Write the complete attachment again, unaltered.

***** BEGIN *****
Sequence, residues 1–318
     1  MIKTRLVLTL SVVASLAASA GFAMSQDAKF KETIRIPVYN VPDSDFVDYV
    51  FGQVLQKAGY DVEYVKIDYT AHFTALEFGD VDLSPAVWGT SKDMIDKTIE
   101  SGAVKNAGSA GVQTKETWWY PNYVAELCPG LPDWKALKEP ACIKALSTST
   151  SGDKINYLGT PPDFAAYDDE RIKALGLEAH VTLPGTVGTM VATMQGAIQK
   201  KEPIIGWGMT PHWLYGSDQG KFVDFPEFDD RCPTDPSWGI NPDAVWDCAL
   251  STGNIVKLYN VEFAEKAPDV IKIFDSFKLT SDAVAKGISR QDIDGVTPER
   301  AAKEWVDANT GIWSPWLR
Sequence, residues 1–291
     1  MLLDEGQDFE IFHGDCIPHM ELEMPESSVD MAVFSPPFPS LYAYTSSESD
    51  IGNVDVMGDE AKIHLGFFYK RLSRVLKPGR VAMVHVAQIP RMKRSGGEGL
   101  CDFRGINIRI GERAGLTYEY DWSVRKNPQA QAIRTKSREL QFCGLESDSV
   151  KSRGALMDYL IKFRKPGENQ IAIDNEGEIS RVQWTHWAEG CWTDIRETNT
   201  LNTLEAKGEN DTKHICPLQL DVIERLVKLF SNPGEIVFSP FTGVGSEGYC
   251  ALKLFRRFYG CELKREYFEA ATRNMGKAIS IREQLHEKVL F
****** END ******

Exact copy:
Sequence, residues 1–318
     1  MIKTRLVLTL SVVASLAASA GFAMSQDAKF KETIRIPVYN VPDSDFVDYV
    51  FGQVLQKAGY DVEYVKIDYT AHFTALEFGD VDLSPAVWGT SKDMIDKTIE
   101  SGAVKNAGSA GVQTKETWWY PNYVAELCPG LPDWKALKEP ACIKALSTST
   151  SGDKINYLGT PPDFAAYDDE RIKALGLEAH VTLPGTVGTM VATMQGAIQK
   201  KEPIIGWGMT PHWLYGSDQG KFVDFPEFDD RCPTDPSWGI NPDAVWDCAL
   251  STGNIVKLYN VEFAEKAPDV IKIFDSFKLT SDAVAKGISR QDIDGVTPER
   301  AAKEWVDANT GIWSPWLR
Sequence, residues 1–291
     1  MLLDEGQDFE IFHGDCIPHM ELEMPESSVD MAVFSPPFPS LYAYTSSESD
    51  IGNVDVMGDE AKIHLGFFYK RLSRVLKPGR VAMVHVAQIP RMKRSGGEGL
   101  CDFRGINIRI GERAGLTYEY DWSVRKNPQA QAIRTKSREL QFCGLESDSV
   151  KSRGALMDYL IKFRKPGENQ IAIDNEGEIS RVQWTHWAEG CWTDIRETNT
   201  LNTLEAKGEN DTKHICPLQL DVIERLVKLF SNPGEIVFSP FTGVGSEGYC
   251  ALKLFRRFYG CELKREYFEA ATRNMGKAIS IREQLHEKVL F